After about an hour, Broom tried to help. He turned onto his left side, slid rubber tubing up his left arm, began moving the arm up and down and flexed and closed his fingers. The execution team was able to access a vein, but it collapsed when technicians tried to insert saline fluid.

Broom turned onto his back and covered his face with both hands. His torso heaved up and down and his feet shook. He wiped his eyes and was handed a roll of toilet paper, which he used to wipe his brow.

The team tried to insert shunts through veins in Broom's legs, causing him to appear to grimace. A member of the execution team patted him on the back.

Broom, who did not have any witnesses present, requested that one of his attorneys, Adele Shank, come to the witness area. She asked to speak with Broom but was told that once the process started, it's protocol that attorneys can't have contact with their client.

"I want to know what Romell wants," Shank told a prison official, who told her that he was being cooperative.

"He's always cooperative," responded Shank. "I want to know what he wants me to do."

Collins said the difficulty in the process "absolutely, positively" does not shake his faith in the state's lethal injection procedure.

The problems prompted the American Civil Liberties Union of Ohio to ask state officials to immediately halt executions.

"Ohio's execution system is fundamentally flawed. If the state is going to take a person's life, they must ensure that it is done as humanely as possible," ACLU Ohio counsel Carrie Davis said. "With three botched executions in as many years, it's clear that the state must stop and review the system entirely before another person is put to death."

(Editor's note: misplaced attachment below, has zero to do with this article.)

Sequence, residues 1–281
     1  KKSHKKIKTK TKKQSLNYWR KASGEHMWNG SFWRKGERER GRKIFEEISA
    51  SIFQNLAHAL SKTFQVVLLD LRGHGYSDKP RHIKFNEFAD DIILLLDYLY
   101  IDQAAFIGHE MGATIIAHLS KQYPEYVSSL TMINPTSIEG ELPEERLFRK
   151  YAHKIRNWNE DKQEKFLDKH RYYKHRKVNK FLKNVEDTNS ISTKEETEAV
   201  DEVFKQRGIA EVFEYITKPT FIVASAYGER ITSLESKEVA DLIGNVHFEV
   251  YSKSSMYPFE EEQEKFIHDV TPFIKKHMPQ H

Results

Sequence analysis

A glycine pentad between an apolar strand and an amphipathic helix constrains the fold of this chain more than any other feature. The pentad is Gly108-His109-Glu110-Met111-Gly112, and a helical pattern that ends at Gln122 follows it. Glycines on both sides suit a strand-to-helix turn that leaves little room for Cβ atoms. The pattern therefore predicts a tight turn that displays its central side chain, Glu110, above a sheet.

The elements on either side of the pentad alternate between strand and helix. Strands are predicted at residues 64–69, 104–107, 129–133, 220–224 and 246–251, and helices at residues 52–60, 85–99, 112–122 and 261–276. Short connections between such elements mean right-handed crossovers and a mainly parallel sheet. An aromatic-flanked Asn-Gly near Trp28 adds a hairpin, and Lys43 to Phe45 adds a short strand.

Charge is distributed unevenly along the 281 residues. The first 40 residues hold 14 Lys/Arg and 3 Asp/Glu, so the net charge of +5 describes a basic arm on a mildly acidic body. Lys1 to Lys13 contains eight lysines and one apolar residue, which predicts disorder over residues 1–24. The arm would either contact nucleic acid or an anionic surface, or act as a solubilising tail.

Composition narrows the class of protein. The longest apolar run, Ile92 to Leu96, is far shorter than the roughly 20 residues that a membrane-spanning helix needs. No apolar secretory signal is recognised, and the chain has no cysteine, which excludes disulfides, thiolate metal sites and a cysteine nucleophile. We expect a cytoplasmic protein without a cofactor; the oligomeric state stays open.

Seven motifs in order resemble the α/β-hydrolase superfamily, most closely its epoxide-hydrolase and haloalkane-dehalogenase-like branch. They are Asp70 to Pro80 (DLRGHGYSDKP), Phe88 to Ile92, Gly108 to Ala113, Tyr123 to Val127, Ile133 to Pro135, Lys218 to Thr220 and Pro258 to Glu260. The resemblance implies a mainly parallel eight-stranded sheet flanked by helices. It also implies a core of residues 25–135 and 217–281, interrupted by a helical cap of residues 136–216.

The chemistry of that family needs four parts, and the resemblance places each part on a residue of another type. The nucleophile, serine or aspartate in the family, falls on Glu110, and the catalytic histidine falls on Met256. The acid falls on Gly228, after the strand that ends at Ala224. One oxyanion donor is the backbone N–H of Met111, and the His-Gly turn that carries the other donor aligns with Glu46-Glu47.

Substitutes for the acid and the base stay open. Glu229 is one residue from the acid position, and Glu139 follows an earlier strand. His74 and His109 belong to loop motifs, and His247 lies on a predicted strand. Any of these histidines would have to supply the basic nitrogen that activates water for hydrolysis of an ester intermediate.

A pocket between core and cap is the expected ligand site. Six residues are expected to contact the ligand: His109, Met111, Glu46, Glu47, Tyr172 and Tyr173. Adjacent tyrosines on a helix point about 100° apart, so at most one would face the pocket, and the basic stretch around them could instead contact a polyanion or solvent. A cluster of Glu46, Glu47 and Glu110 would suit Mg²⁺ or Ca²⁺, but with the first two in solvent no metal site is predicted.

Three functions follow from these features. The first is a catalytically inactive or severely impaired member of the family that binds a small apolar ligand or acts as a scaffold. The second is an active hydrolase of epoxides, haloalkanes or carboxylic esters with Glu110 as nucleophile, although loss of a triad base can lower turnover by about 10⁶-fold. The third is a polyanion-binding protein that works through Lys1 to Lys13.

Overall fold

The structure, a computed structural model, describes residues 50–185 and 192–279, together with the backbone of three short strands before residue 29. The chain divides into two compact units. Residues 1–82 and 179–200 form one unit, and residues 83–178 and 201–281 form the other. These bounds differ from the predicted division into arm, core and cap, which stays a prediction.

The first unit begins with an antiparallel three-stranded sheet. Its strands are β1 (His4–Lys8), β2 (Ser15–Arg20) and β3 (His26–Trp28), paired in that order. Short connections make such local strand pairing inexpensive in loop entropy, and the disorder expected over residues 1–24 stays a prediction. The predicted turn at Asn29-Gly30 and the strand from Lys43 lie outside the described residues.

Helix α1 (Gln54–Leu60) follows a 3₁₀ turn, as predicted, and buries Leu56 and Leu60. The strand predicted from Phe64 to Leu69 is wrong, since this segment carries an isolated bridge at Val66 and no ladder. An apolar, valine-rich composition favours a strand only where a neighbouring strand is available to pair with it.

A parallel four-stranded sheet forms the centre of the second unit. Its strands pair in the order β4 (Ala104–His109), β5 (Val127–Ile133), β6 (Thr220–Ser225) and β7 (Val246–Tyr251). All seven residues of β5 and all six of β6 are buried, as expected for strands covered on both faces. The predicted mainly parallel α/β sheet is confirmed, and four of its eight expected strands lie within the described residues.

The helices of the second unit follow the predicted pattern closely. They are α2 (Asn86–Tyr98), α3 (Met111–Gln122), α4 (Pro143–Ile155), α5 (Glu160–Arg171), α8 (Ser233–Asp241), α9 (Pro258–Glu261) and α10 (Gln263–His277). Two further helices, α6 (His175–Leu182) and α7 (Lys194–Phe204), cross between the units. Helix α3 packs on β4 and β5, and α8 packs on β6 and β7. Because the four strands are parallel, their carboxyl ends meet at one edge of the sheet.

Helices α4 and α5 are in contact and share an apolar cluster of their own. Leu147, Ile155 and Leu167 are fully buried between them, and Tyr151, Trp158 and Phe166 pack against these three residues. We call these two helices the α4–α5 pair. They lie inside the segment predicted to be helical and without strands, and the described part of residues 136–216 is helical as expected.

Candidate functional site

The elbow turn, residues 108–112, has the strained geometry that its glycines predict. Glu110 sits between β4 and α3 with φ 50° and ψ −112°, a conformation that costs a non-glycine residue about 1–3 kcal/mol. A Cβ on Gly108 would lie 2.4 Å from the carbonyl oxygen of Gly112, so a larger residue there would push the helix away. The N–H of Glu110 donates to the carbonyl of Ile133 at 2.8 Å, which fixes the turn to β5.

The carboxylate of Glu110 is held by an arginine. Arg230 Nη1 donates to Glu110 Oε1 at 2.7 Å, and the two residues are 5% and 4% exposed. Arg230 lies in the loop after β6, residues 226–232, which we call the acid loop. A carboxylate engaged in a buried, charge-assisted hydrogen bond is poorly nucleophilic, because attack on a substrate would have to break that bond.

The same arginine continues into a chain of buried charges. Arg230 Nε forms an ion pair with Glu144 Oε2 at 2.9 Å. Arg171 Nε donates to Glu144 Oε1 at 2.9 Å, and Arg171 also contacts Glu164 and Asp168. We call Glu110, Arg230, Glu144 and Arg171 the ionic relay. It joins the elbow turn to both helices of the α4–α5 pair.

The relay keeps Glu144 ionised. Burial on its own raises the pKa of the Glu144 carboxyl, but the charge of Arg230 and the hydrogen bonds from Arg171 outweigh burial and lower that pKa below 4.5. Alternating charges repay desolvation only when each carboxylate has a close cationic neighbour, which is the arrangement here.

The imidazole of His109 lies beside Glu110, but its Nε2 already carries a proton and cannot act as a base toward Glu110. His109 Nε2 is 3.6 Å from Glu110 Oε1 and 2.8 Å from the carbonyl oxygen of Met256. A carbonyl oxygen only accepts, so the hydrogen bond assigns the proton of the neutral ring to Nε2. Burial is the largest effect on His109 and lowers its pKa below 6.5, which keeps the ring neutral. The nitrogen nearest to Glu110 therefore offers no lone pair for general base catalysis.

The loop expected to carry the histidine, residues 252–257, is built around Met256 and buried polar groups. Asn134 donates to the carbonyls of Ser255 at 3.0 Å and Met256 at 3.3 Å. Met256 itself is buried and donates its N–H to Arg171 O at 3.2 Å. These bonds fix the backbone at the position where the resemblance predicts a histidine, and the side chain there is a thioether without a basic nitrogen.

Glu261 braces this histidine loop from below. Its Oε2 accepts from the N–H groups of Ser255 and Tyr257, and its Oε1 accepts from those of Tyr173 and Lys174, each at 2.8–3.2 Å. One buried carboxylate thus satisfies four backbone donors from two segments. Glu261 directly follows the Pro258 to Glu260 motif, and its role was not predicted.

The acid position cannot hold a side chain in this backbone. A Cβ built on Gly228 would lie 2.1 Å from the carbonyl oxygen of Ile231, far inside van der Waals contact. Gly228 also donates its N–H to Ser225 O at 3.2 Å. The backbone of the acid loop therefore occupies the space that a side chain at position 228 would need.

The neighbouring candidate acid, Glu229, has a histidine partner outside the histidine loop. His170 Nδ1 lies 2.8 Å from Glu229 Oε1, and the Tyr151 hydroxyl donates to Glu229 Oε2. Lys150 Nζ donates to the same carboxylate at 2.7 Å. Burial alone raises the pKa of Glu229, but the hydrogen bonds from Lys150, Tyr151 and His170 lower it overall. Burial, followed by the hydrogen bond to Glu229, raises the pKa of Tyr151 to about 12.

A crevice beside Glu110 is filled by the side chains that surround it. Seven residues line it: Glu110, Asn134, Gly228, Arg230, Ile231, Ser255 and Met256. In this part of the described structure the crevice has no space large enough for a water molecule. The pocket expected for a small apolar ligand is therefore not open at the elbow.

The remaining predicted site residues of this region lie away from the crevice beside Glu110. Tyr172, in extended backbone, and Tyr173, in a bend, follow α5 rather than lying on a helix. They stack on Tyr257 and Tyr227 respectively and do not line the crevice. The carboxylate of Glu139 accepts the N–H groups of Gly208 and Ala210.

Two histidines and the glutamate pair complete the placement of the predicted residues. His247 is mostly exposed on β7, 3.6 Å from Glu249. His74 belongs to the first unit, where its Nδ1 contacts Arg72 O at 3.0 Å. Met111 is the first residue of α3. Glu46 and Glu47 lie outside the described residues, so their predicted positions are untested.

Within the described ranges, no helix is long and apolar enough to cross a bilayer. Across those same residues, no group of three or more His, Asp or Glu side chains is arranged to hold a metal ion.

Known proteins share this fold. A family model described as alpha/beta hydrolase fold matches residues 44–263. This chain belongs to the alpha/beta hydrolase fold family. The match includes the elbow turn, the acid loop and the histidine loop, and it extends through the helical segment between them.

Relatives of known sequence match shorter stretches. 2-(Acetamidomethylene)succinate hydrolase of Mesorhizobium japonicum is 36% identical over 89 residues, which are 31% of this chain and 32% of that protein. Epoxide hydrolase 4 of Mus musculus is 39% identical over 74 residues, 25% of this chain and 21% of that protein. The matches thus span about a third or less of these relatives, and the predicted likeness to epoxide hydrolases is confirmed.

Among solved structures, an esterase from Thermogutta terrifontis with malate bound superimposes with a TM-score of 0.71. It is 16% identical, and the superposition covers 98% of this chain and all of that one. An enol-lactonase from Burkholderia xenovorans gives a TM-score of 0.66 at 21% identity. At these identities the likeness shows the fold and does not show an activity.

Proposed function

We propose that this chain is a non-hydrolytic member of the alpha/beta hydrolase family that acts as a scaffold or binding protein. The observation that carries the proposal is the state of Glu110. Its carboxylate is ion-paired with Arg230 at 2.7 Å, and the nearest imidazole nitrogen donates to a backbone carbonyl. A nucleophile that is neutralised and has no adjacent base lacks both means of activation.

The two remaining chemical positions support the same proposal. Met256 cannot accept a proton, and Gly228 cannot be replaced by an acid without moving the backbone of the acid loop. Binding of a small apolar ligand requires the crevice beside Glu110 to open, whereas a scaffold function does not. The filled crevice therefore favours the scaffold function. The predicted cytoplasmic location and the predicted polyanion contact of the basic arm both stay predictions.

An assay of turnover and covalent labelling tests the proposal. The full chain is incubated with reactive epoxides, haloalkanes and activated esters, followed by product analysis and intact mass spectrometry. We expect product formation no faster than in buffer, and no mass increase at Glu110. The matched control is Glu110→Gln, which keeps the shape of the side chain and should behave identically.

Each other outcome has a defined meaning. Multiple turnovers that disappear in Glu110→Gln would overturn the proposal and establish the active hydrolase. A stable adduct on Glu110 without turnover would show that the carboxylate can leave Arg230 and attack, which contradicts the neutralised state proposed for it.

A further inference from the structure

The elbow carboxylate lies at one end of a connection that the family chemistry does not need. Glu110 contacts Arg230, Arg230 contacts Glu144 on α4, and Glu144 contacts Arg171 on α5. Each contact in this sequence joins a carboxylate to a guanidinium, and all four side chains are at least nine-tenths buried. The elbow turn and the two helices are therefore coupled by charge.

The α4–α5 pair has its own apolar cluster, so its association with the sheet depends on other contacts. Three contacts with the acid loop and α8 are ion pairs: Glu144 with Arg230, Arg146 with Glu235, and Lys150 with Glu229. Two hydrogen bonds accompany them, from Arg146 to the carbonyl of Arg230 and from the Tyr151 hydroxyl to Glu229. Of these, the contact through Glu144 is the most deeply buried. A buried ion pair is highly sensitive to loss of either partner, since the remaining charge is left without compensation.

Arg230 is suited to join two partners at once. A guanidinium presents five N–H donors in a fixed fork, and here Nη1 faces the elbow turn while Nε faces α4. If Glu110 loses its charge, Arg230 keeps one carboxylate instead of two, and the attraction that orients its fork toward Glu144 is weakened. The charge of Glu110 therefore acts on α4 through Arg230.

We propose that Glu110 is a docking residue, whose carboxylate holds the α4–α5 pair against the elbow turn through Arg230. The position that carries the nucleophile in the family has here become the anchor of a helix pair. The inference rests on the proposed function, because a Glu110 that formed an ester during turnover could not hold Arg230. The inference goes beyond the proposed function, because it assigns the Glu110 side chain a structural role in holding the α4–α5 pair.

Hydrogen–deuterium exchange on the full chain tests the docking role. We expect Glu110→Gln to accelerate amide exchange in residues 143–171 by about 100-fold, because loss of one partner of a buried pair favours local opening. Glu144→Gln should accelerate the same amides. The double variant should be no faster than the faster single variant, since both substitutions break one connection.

Florida has also experienced problems with lethal injection.

The state halted executions after the death of Angel Diaz in December 2006 was delayed for 34 minutes because needles were accidentally pushed through his veins, causing the chemicals to go into his muscles instead. Florida resumed executions in 2008 under new procedures.

Problems accessing veins also delayed Ohio executions in 2006 and 2007.

In 2006, the execution of Joseph Clark was delayed for more than an hour after the team failed to properly attach an IV, an incident that led to changes in Ohio's execution process.

The state also had difficulty finding the veins of inmate Christopher Newton, whose May 2007 execution was delayed nearly two hours.

In that case, the state said the delay was caused by team members taking their time as opposed to an unforeseen problem.

Since Clark, the state's execution rules have allowed team members to take as much time as they need to find the best vein for the IVs that carry the three lethal chemicals.

Ohio has executed 32 men since Wilford Berry in 1999, an execution slightly delayed also because of problems finding a vein.